Political Pressure and a Prompt Proposal
Every fatal airplane accident generates extensive media attention and strong political pressures. Congressional committees have an almost limitless inclination to investigate airplane accidents. In his study of policy analysis in the FAA, Steven Rhoads notes that "it would be difficult to overestimate the seriousness with which Congress views commercial air crashes." Within two months of the accident, three separate congressional committees held hearings on the Air Canada
fire. Accused of "footdragging" and indifference bordering on callousness, the FAA soon became Congress's scapegoat for the incident. Congressman Dan Burton (R-Ind.) made the exaggerated claim that "had [Halon extinguishers] been on-board Air Canada nobody would have died." Several congressmen introduced bills to mandate the NTSB's proposals on smoke detectors and Halon fire extinguishers. Congress was unlikely to regulate the matter by statute, however, since it had neither the inclination nor the resources to address such technical questions. (In any case, as one congressman put it, "I would not want to fly in a plane designed by Congressional committee.") Instead Congress strengthened the oversight process. One committee required the FAA to file monthly progress reports on the implementation of various NTSB recommendations. The pressure to adopt new regulations, including ones concerning fire extinguishers and smoke detectors, was intense.
The FAA knew it had to respond to the Air Canada fire with a regulation and was prepared to do so quickly. In short order the agency drew on its previous experience and drafted a simple standard. First, smoke detectors would be required in airplane lavatories and galleys. No effort was made to define the technical specifications for these devices. Second, a built-in fire extinguisher would be required in the towel disposal receptacle of each lavatory. (This had been suggested by the NTSB after both the Varig and Air Canada fires.) Finally, the number of fire extinguishers required would be increased, and at least two Halon 1211 extinguishers would be required on every plane. The choice of Halon 1211, and the exclusion of Halon 1301, was apparently based on the general notice sent out after the gasoline hijackings. The increase in the number of extinguishers required was simply an incremental guess. "We took a look at the wide bodies," a rulemaking staff member stated, "and said 'we need another extinguisher for every one hundred people.'" Otherwise, to a large extent, the NTSB essentially drafted the regulation.
Objections to the proposal were meek. The American Transport Association, which represents most major airlines and is considered by many to be a powerful lobbying organization, did not oppose "the basic thrust" of the proposal, only the requirement for smoke detectors in galley areas. The few other objections to the rule were technical. Some engineers argued that the standard should permit Halon 1301 as well as Halon 1211 (the numbers denote differences in chemical structure). Others alleged that household smoke detectors would not necessarily be reliable in airplanes. The effects of vibration were cited by Underwriters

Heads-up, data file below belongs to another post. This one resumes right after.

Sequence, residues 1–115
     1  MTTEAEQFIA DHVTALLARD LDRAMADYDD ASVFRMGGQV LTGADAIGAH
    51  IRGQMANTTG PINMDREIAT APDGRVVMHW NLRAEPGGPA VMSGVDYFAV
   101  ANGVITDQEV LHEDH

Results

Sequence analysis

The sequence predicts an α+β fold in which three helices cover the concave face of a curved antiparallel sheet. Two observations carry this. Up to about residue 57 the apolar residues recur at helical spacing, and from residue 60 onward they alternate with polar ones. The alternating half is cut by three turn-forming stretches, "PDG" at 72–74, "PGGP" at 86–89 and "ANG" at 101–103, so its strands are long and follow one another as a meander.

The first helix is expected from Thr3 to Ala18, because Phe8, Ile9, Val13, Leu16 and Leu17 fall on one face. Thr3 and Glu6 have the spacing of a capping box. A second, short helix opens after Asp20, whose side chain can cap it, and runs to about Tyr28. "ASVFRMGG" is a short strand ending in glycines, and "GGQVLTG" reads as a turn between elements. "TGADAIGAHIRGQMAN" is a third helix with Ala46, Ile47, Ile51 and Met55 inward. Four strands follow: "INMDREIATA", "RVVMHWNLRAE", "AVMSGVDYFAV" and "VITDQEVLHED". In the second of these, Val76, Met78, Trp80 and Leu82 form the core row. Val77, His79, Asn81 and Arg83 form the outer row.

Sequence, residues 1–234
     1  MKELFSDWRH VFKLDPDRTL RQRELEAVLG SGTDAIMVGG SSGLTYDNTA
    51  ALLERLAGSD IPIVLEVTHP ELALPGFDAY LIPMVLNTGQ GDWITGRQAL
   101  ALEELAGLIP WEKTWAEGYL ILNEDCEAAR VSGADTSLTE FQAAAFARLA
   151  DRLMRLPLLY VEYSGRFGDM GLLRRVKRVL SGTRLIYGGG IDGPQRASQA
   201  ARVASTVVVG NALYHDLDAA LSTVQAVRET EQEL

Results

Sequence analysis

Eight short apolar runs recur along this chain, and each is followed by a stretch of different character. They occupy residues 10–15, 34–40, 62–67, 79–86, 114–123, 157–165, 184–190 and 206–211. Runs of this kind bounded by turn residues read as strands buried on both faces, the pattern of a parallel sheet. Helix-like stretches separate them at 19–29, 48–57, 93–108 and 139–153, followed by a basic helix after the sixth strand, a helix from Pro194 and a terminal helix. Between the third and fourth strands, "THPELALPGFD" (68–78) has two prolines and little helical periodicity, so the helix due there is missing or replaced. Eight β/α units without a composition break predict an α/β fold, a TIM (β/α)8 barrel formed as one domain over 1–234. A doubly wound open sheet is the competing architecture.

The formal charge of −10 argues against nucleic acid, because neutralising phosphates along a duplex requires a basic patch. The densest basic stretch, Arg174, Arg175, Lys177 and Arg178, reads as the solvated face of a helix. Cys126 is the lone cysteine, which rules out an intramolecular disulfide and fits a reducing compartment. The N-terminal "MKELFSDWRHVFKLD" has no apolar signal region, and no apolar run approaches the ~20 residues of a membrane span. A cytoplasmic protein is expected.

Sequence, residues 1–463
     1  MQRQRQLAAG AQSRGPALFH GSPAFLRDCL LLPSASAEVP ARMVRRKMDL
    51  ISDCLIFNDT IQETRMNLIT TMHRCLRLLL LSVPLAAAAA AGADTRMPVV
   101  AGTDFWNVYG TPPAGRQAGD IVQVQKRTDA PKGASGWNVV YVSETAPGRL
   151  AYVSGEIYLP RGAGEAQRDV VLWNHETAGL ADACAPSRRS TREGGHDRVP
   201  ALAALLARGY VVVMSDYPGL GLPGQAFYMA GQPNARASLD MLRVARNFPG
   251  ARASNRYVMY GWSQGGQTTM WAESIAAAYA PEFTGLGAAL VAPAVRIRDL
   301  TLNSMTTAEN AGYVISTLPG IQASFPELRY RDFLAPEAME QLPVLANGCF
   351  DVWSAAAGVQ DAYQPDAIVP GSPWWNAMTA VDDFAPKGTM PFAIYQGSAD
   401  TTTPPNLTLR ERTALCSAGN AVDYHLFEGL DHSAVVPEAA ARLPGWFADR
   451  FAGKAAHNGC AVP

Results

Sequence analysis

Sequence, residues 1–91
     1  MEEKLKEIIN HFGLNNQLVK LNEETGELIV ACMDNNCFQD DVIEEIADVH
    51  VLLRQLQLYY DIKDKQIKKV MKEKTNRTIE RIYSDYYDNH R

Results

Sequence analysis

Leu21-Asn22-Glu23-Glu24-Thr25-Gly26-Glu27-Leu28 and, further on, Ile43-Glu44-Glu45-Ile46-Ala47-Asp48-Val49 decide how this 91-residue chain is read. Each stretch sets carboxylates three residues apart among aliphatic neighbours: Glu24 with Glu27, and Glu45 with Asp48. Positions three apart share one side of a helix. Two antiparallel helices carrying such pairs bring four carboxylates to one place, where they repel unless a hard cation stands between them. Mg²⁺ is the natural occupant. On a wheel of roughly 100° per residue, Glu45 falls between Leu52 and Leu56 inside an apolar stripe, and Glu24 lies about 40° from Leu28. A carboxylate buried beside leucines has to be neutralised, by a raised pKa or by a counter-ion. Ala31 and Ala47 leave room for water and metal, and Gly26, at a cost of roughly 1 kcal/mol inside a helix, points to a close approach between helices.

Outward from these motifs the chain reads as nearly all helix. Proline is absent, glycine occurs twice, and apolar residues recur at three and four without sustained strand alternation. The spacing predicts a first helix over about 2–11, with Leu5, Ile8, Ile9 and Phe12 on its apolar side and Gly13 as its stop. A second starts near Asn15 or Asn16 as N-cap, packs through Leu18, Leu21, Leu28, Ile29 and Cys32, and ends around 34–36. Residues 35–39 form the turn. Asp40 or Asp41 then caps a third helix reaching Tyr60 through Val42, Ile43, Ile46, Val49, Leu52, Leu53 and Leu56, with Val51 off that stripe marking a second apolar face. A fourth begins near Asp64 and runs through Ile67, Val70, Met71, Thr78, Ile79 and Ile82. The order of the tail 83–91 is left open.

Laboratories as one of several possibly significant aspects of aviation use that might impede performance. Unusual air currents might also be important, particularly in airplane lavatories, where the air moves down and out through the toilet bowl.
These claims might have been self-serving—UL was basically advocating that the FAA require laboratory certification of smoke detectors for aviation use—but they were also well founded. Devices designed specifically to endure the rigors of the aviation environment are far more sophisticated than a standard household detector. Detectors for airplane cargo holds, produced in accordance with an FAA Technical Standards Order, cost $800 to $1,300 each. When the Regulatory Analysis Division in the FAA first analyzed the proposed rule, they used cost estimates based on these devices and arrived at a benefit-cost ratio of less than one. The critical but unanswered question is to what extent accuracy and reliability are sacrificed by allowing the basic dime store model instead of the sophisticated aviation model. Household detectors are not particularly sturdy either. Given the rigors of aviation use, they might not work in time of need. (Liability concerns of this nature prompted at least one major manufacturer to decline an airline's recent order for 1,500 detectors.) Missing batteries, a problem noted by carriers that experimented with smoke detectors, could also incapacitate the smoke detector. Petty theft would not be the only motive. Sabotage by smokers breaking what is widely thought to be one of the most ignored FAA prohibitions—against smoking in the lavatory—is another possibility.
Another possible consequence, argued an official of the British Civil Aviation Authority, is false alarms, which would "soon give rise to a loss of faith in the detection system." Household detectors are sensitive to changes in air flows, something that occurs regularly in flight but seldom at home. Smoke is also common in galley areas, partly as a by-product of food preparation. Several airlines feared that the panic caused by an activated alarm might be worse than the possibility of a fire going undetected without a smoke detector.